A Feminist Photographer's Thoughts
Postman, secretary, fireman, and stewardess are all fallen titles of occupations that we have renamed in our contemporary lingual culture in favor of more politically correct and gender neutral terms. Mail carrier, clerk, firefighter, and flight attendant are now the accepted terms for these occupations. As I count up my merit points for the year, I can’t help but think about what this changing language in our society means for one of the Professional Photographer's of Canada (PPOC)’s levels of membership; the Craftsman of Photographic Arts (CPA).
Maybe it is my sensitive, feminist, liberal, millennial brain that is conditioned to be offended at any whim of social injustice and which wants to stir the pot at every opportunity. The truth is, I am personally not offended. I strive to be a CPA at some point regardless of what it is called and will not be shy to tell others of this achievement once I attain it. I would, however be naïve to think that the reason a young, aspiring female photographer that I am trying to rein into eventually becoming a member of the PPOC at a tradeshow is raising her eye brow at something else when I say Craftsman of Photographic Arts while explaining the levels of membership.
Is society too politically correct? I don't think so but that is a topic for another day. What about the tradition within our organization? Should that be respected? The designation has been called the CPA for years so why change it? What would the PPOC change it to? Crafters of Photographic Arts? CraftsPERSON of photographic arts? Crafty Person of Photography Arts? All of those don’t quite roll off the tongue the same way the the current title does.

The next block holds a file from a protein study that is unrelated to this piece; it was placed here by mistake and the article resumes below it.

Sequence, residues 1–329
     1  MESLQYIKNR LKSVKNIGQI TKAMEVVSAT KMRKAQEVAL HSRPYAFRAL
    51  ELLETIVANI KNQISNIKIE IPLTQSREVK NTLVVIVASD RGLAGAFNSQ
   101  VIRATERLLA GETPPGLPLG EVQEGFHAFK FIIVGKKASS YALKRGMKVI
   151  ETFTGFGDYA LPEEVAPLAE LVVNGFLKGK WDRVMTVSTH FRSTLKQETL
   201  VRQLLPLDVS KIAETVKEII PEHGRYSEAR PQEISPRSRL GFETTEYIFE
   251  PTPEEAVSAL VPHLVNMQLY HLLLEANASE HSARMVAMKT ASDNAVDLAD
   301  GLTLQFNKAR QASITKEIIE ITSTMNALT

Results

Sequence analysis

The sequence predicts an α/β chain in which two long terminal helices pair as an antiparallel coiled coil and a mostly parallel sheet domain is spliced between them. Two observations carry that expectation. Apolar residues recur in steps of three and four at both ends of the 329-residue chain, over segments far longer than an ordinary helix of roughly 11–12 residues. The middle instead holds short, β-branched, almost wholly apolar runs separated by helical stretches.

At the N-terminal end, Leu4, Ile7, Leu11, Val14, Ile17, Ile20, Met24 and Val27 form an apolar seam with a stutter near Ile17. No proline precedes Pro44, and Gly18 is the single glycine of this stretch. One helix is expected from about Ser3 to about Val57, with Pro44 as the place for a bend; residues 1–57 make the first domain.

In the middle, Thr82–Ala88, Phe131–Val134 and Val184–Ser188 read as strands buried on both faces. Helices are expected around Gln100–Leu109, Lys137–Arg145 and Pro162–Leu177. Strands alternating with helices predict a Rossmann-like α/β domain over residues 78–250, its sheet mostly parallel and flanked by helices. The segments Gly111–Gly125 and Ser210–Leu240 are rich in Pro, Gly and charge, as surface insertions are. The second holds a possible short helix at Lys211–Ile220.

The PPOC requires the recruiting of new members to survive as an organization. This enthusiastic, sensitive, liberal, millennial generation are our future colleagues and members of the PPOC. Photography is well represented by men and women. Most other professions are consciously putting an effort into gender neutral language. It is becoming an expectation in our society. It may not be in the PPOC’s favor to fall behind the societal trend with language expectations.
I love being a part of this great organization and will continue to sing its praises to anyone who will listen. I have written a lengthy post about that. For some reason, I keep thinking about this quite often. I don't want the organization that I respect so much to be referred to as the "Old Boys' Club."
I also pride myself in being a person who backs up her complaints with possible solutions; but here I am without one. Just a thought to ponder. I don't know the answer, but I think it is something our organization will eventually take heat for.
On the topic of being a female in the industry, here is a great article written by a female photographer on some of the strengths and challenges.
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